Now we find ourselves in the aftermath of the Arab Spring – full on into the disillusionment phase – as any revolution goes, and I’m hearing Middle Eastern feminists talk of having been ignored in this spring, while being called traitors to the movement. It seems in the loud mess that was the revolution the Islamists have gained momentum.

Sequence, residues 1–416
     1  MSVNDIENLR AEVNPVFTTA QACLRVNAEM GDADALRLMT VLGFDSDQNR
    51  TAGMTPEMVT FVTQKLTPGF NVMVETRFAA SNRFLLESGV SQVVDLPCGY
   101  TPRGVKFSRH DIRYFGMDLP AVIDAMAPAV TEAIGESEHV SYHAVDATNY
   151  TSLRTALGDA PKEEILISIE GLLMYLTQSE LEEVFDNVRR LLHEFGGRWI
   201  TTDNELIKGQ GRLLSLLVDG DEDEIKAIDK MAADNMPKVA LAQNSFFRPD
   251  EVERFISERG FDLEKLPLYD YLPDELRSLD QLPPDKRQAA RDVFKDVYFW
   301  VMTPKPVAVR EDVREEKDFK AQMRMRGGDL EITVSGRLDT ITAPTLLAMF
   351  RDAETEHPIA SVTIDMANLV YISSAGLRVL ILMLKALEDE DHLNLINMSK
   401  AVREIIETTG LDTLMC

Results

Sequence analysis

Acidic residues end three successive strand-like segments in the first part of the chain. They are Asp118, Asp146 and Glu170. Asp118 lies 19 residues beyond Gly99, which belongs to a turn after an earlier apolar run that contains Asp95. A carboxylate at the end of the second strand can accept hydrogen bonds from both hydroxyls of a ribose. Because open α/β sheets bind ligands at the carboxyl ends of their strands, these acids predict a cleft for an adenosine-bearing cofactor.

So here comes FEMEN, with their less-than-culturally sensitive calls to Muslim women to “get naked.” Is it offensive? It depends on who the audience is. If the audience is a Muslim woman in the “free world” as we like to say – it is, no doubt, offensive. Every individual has a right to claim his/her agency. Who are FEMEN to deny it? But if the audience is an individualistically minded modern young woman like Amina Tyler, stuck in a repressive culture which waves the liberal flag post-Arab-Spring, given Tunisia’s relatively secular status compared to other Arab nations – the message is spot on. Indeed Amina was inspired by FEMEN to start a Tunisian branch. She went completely against the grain of her upbringing, while essentially being declared insane, and did exactly what FEMEN proposed – got naked to assert her autonomy. The response of Sharia proponents calling for a stoning but even more so the response of her own family demonstrated exactly why this protest was needed. Amina was held against her will by the family, her actions tightly controlled. She was drugged, forced to read the Quran, beaten and checked for virginity. She was extorted to make false statements denouncing FEMEN which she later recanted after having escaped. All this was of course to “protect her” as her mother claimed in an interview. Her family did not abduct Amina, she said. They were just protecting her! Get it? Protecting her from herself – herself thinking that her body belonged to her. So when we talk about these “liberal” Islamist nations like Tunisia, which happens to be the birthplace of the Arab Spring – the laws may be liberal enough. But there is a discipline method stronger than law that all conservative ideology relies on – that’s familial pressure – its extreme forms being perceived as normal in the eyes of society. The fear of being ostracized by family may be stronger than even the fear of law enforcement. This is why it is naive to assume that all Hijabi Muslim women choose to wear a Hijab. In many cases they only choose it in as much as they choose to conform and not be shunned by their family. It is therefore misguided to see Islamist countries with relatively lax laws as liberated and not needing a movement of women reclaiming their body.